To mark the centenary of the Armistice in 2018 we are asking local people to create poppies, one for each of the Norfolk men who lost their lives in the First World War. The 15,500 poppies will be displayed in libraries around the county.
As the weather gets colder and the nights draw in, there’s nothing we like better than a good crafting session. Have a go yourself, with friends, or get your local Knit and Knatter/WI group/Brownie Pack involved. Poppies can be made from any material you like – these beautiful flowers were made by some creative visitors to Heritage Sunday this weekend.
Find out how to get involved in the project here, and get in touch if you would like to contribute. We look forward to seeing your creativity in action!
If you missed Steve Smith’s fascinating talk about the “disappearing” battalion of the Norfolk Regiment, you can download or stream it for free online via the Norfolk Heritage Centre Podcast!
Learn more about this history mystery by listening to the latest episode, featuring local historian and battlefield guide Steve Smith debunking the myths surrounding the 5th Norfolks disappearance on 12th August 1915 (clue: it wasn’t aliens).
Find out how to listen and download the podcast here. Don’t forget to like, subscribe, and tell your friends!
Wood Norton War Memorial, All Saints Church
As part of the Wood Norton Heritage Project, work began in June 2015 on researching the war memorial in All Saints Church and the men whose names appear on it. The memorial, For God, King and Country, was made by Hughes, Bolckow & Co. Ltd, battleship breakers in Blyth, Northumberland. An advertisement taken from The Bystander in February 1917 offers the memorial at a total cost of £6 10s 0d, as a fitting and enduring Memorial to the Patriotism of Britain’s Sons. The memorial is made from teak and copper materials salvaged from H.M.S. Britannia, and takes the form of a triptych, with a shelf at the bottom of the central panel upon which flowers or a commemorative wreath can be placed. The names of the servicemen are inscribed on the left and right hand panels under the heading Roll of Honour. The central panel bears a copper cross under the heading Greater Love Hath No Man Than This, and the names of the servicemen who died are here inscribed, each name bearing a gold asterisk which corresponds with the words The Heroic Dead at the bottom of the panel.
City of Norwich (CNS) School Magazine – Midsummer 1917
From the records held at the Norfolk Record Office (ACC 2003/15 Box 31)
For school leavers August is a time of excitement and anticipation of what is to follow as the close-knit school community is left behind and the wider world beckons. The school magazine traditionally ends its year by reflecting on past glories and wishing its leavers well for the future. However, the future was uncertain for those leaving school as war raged on.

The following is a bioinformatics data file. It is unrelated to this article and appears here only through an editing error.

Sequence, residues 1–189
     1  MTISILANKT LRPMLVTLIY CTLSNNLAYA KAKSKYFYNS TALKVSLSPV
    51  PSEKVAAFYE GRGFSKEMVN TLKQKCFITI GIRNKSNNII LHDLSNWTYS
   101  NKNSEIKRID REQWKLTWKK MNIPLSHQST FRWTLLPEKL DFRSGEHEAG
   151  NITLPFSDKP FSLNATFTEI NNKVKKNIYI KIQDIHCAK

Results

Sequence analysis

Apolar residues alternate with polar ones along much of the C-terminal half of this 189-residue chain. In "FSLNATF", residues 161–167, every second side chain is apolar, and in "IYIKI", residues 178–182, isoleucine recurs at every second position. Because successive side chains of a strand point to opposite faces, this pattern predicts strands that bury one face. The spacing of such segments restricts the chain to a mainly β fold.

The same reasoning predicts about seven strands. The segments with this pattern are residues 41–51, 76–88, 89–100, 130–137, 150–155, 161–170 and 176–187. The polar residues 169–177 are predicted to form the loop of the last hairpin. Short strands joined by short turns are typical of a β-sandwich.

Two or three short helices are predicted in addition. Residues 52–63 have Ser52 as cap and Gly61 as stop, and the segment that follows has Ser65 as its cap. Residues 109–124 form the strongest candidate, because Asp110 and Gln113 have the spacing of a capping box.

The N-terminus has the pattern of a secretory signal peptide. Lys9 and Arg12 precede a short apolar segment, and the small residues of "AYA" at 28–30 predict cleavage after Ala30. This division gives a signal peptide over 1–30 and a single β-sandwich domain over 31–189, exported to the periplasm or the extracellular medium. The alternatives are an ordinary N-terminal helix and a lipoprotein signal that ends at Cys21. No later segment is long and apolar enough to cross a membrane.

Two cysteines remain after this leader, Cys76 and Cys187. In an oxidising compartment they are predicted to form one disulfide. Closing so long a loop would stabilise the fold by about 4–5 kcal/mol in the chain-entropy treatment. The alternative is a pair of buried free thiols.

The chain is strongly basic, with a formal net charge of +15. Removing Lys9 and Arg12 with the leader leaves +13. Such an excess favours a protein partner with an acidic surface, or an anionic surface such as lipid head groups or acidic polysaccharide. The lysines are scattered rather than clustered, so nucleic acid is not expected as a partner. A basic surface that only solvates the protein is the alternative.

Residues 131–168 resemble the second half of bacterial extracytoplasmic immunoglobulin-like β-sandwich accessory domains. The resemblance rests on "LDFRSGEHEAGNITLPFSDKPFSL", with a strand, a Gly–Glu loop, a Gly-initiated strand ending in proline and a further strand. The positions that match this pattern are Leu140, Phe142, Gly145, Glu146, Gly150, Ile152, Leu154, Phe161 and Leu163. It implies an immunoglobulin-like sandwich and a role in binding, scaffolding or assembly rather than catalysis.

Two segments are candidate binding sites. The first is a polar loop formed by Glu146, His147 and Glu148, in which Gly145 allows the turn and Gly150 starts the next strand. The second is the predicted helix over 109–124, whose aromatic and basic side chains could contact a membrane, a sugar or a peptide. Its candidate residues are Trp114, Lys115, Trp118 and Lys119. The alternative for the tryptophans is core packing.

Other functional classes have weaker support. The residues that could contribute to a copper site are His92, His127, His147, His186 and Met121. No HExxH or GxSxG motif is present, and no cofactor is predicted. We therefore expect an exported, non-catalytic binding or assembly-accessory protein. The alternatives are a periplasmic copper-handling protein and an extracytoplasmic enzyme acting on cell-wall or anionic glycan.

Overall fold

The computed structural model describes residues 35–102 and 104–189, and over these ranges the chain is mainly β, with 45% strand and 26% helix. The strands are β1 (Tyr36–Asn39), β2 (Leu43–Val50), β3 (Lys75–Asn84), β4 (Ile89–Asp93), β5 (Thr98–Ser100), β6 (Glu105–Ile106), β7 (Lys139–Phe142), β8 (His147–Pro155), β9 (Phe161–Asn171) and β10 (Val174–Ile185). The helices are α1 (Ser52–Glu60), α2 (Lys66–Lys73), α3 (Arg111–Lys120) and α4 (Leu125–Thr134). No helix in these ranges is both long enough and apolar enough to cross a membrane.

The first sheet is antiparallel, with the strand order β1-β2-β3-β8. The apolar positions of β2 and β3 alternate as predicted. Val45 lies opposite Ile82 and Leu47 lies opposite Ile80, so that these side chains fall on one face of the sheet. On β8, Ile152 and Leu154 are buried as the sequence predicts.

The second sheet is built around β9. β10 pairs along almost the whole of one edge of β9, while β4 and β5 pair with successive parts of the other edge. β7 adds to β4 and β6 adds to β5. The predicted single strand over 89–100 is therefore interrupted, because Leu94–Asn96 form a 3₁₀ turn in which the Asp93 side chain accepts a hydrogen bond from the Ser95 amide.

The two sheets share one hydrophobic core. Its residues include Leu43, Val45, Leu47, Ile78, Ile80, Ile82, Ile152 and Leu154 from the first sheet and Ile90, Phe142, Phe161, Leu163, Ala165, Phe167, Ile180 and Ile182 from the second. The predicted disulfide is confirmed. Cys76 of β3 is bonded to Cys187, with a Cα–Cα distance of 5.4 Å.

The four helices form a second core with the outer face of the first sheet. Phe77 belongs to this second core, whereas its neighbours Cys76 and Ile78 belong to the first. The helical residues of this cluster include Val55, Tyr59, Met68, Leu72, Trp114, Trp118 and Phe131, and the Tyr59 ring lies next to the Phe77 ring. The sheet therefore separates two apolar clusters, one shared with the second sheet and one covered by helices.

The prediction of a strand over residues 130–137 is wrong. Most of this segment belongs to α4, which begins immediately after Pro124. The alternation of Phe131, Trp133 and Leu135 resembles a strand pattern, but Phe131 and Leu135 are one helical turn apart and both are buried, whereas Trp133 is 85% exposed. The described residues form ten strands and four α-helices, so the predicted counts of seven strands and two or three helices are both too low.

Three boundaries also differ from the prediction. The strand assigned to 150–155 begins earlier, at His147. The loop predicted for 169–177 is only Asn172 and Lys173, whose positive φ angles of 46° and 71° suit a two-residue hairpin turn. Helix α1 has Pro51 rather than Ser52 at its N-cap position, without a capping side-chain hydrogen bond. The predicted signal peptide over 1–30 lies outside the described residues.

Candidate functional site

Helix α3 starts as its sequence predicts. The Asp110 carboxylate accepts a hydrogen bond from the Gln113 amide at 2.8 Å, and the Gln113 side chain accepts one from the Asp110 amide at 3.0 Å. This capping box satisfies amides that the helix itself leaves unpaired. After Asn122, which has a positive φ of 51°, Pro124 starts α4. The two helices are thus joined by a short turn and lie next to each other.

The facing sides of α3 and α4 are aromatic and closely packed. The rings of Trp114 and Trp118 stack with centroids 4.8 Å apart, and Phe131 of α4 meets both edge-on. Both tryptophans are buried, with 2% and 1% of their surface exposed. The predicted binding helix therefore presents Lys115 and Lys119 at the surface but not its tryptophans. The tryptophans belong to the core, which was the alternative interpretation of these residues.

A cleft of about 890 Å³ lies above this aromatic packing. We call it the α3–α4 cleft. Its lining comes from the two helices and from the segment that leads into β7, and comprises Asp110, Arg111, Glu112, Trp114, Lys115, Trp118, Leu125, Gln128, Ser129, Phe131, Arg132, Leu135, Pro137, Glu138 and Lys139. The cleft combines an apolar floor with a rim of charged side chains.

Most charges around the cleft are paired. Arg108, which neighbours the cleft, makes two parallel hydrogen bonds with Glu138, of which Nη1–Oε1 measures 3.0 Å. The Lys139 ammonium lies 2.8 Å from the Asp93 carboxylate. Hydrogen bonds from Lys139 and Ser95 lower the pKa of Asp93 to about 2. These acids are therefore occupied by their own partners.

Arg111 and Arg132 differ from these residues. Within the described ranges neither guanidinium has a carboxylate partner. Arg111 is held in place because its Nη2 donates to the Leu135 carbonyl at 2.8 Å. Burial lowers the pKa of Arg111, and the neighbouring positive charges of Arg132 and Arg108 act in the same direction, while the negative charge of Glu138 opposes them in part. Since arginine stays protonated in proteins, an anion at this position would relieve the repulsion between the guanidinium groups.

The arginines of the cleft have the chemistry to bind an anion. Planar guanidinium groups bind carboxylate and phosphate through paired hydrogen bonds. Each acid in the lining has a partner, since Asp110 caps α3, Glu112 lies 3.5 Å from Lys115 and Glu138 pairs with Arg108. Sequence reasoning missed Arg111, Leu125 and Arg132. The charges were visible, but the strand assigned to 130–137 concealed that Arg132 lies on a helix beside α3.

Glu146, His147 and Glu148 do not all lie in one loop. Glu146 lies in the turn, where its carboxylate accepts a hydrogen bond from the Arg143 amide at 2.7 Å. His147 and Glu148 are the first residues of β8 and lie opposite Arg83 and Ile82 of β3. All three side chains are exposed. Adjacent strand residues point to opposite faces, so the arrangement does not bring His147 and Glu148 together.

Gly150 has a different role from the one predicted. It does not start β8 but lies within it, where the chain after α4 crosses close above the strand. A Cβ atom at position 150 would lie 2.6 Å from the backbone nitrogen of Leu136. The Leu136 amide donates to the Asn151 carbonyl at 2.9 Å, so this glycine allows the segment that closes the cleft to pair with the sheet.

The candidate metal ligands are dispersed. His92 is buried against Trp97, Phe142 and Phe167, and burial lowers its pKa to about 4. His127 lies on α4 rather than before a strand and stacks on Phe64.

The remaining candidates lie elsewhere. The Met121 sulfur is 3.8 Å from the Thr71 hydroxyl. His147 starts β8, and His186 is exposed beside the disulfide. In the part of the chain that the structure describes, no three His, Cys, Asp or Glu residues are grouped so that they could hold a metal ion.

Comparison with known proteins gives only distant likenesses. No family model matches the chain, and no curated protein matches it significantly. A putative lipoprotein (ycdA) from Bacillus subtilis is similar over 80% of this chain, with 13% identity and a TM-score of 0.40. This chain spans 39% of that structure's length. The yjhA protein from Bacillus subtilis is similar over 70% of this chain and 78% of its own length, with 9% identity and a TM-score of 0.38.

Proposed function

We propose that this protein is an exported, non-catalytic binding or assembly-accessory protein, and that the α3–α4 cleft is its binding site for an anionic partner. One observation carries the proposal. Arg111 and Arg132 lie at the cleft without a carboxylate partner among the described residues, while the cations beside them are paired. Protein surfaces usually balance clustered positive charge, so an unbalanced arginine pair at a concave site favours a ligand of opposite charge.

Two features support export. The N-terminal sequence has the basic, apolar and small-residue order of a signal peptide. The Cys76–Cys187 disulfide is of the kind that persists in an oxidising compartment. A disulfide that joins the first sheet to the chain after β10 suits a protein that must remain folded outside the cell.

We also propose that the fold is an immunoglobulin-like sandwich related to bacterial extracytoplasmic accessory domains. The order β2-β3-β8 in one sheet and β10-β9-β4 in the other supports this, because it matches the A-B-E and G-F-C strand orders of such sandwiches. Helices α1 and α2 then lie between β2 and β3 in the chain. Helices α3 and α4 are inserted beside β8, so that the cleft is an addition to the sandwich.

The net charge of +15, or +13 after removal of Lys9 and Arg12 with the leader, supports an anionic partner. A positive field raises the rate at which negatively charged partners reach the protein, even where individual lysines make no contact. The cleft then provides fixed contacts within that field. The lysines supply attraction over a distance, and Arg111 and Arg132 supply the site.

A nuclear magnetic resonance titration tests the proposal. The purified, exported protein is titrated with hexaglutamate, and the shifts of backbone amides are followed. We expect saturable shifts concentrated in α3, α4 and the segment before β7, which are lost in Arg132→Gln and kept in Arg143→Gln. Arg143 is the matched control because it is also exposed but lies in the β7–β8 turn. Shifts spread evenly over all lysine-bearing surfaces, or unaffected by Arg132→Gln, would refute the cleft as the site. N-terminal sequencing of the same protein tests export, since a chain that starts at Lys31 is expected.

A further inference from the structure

Since the outbreak of war each magazine was a mixture of school news, miscellaneous features and articles relating to the war. From the outset news about and from its old boys was a dominant feature. The summer 1917 edition began on an appropriate note.
William Forbes Norris was born on the 13th April 1894, the eldest of three children and only son of William Edward and Annie Norris. He was baptised on the 13th May 1894 at St Mary, Kilburn (Middlesex), by his uncle, Edward Forbes, curate of St Andrew, Peckham (see Figure 1).
Norwich, Blackfriars War Exhibition stand in 1919, showing field equipment, shell cases and the nose of a ‘Sopwith Snipe Machine’ plane! From the collections of Museum of Norwich at The Bridewell. This is just one of several hundred newly digitised original photographs, posters and notices connected with the First World War in Norfolk. The material is held in the collections of the Norfolk Heritage Centre, Norfolk Record Office and Norfolk Museums Service. Over the course of the next few years the images will be posted on Picture Norfolk (the online picture archive run by Norfolk County Council Library and Information Service).
These are extracts from letters sent by local men, printed in the Carrow Works Magazine during the First World War. The magazine was published quarterly for Colman’s staff. More than 900 workers at Colman’s Carrow Road works signed up during the conflict.
From Private J. Swift, in a hospital in Yorkshire, to Mr Beales.
August 21st, 1917.
“… I am getting much better, but it will take some time yet before I am able to have my bed, but I must be thankful I can turn from one side to another without the assistance of a nurse. I had fifteen wounds in my back. I went under one operation in France, and two since I have been here. Think all the metal is out now. Kindly remember me to teachers and scholars of the First-Day School. It has come awfully hard to me to lie in bed five weeks. I hope it will not be another five weeks, but the doctors are quite pleased with my progress..”